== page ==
This enables me to do what I need to do for any form launched from the main form.  However, the list forms described earlier create their own Edit dialogs based on what has been set in the ListSchema property.  Consequently I need to move the method into a class on its own within the same project and allow all forms (or indeed other code) to call it if they need to check whether a specific form exists as a child of the MDI parent at any time.

However, when I attempt this although MainForm is visible in intellisense it will not let me access its MDIChildren property...

Can you help me with this?  I did not make this requirement entirely clear in the original question, so if you feel it warrants a new question I am happy to create one.

Chris Bray.
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Accepted Solution

by:
Bob Learned earned 1500 total points
ID: 19583357
MDIChildren is an instance property of MainForm, so if you are trying to reference it through a static reference, it won't allow that, without an instance of MainForm.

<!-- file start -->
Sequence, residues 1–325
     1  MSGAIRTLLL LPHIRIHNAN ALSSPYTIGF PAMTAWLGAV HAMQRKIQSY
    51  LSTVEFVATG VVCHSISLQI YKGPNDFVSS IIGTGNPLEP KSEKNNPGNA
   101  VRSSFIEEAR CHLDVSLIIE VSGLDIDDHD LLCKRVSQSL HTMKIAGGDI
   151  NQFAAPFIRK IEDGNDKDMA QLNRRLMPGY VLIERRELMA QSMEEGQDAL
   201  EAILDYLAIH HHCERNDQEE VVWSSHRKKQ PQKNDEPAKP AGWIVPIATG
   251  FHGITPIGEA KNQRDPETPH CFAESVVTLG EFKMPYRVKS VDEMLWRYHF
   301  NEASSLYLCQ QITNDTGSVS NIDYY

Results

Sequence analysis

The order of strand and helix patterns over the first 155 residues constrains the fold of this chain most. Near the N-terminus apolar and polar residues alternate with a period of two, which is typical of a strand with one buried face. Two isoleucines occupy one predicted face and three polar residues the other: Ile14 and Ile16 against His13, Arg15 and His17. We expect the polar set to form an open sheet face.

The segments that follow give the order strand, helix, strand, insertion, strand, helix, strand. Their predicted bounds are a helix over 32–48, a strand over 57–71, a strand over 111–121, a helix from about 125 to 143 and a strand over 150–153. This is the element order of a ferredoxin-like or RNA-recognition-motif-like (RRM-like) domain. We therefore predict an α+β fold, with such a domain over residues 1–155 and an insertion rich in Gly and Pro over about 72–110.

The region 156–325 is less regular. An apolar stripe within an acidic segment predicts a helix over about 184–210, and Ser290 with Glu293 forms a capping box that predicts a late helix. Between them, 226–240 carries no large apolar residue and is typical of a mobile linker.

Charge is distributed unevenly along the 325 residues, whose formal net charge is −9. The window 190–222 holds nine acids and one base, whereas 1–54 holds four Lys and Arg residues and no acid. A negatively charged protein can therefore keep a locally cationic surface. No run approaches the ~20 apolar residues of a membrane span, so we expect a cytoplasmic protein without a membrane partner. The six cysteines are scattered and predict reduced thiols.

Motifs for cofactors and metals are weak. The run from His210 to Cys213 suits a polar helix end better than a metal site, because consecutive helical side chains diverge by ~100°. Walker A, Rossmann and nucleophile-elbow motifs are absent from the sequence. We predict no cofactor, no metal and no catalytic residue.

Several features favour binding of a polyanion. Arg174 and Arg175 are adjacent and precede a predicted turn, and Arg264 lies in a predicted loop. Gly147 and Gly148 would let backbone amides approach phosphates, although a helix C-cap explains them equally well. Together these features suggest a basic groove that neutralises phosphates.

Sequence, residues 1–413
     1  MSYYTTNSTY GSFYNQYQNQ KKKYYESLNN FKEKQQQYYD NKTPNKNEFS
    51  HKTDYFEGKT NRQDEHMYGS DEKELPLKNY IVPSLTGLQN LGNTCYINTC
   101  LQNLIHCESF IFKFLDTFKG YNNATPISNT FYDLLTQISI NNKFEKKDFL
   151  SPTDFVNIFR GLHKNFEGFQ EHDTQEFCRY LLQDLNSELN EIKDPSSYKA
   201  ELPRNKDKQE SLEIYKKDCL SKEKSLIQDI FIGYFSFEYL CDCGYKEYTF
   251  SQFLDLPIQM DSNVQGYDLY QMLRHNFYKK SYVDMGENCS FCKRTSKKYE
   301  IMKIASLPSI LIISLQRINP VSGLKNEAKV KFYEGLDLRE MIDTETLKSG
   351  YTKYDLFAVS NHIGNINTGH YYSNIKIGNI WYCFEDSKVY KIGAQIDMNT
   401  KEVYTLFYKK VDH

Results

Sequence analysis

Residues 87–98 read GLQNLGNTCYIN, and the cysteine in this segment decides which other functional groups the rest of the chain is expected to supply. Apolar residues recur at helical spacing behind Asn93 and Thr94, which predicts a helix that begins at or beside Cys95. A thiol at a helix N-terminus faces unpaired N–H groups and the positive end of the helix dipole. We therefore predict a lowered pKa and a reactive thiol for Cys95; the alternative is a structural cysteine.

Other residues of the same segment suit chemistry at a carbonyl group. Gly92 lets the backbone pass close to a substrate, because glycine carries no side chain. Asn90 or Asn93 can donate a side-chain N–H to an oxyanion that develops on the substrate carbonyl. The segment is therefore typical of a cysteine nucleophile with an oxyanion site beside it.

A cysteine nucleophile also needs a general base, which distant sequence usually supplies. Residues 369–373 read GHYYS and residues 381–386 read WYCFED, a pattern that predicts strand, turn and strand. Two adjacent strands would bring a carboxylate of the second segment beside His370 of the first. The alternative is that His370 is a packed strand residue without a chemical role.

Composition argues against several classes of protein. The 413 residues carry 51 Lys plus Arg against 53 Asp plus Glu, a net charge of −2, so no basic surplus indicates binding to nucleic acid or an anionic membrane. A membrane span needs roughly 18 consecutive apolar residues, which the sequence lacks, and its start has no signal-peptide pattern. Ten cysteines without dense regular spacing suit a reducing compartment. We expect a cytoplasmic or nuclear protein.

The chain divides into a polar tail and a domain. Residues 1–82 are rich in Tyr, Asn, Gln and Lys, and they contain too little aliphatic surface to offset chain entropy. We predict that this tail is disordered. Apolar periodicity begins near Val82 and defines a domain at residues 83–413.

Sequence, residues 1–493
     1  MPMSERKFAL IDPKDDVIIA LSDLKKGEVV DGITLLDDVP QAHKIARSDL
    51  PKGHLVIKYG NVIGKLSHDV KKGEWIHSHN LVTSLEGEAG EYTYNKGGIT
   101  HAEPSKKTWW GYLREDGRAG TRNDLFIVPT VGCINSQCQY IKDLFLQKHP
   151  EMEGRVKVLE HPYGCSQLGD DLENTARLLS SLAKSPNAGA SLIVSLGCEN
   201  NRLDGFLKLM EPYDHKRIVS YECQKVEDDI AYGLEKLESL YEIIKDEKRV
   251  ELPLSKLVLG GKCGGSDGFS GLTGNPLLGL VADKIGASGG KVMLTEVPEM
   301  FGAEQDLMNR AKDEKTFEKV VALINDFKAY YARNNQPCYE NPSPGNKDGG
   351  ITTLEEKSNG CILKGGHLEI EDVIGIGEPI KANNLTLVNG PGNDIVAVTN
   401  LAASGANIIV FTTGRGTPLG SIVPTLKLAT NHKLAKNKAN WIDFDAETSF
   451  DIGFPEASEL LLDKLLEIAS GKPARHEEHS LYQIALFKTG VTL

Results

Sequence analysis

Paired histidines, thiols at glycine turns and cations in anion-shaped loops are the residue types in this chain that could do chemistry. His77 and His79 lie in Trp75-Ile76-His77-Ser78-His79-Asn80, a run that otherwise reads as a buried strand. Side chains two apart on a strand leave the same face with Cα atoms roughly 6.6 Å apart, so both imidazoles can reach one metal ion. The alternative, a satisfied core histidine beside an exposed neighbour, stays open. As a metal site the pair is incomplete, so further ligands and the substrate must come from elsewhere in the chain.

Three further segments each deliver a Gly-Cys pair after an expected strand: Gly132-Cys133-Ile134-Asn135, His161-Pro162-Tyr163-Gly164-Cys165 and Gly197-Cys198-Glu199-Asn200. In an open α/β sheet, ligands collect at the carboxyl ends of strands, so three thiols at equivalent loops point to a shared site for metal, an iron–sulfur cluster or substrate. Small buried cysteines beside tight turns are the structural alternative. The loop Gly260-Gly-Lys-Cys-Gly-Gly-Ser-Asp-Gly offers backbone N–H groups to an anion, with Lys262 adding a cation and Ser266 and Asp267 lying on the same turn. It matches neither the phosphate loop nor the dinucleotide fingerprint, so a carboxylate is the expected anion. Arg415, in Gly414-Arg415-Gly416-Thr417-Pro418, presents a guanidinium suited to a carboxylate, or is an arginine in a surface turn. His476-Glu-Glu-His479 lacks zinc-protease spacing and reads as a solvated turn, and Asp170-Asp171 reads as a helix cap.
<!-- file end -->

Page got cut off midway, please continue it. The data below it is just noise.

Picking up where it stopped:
Bob
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Author Comment

by:chrisbray
ID: 19583762
Hi Bob,

Somehow, I have to be able to access the MDIChildren.  Forgive me going back to Delphi but there is where my experience lies...

In the original Delphi mockup of the app I have a unit (class) called Common which contains various routines which are commonly used.   In that unit it adds MainForm to the uses clause (basically the same as using in C#) and then I can simply call Mainform.whatever from within the unit.  To avoid circular references MainForm cannot have Common in its uses clause, but all the other forms can as long as they don't reference MainForm.  Therefore any interaction with MainForm by another form is done via the Common unit (class) to ensure that rule is not broken - methods are provided to access MainForm whenever necessary, for example for this FormExists method, or to tell it to reset its caption or re-evaluate the status of its menu items and disable any that should not currently be available following a modification on a child form.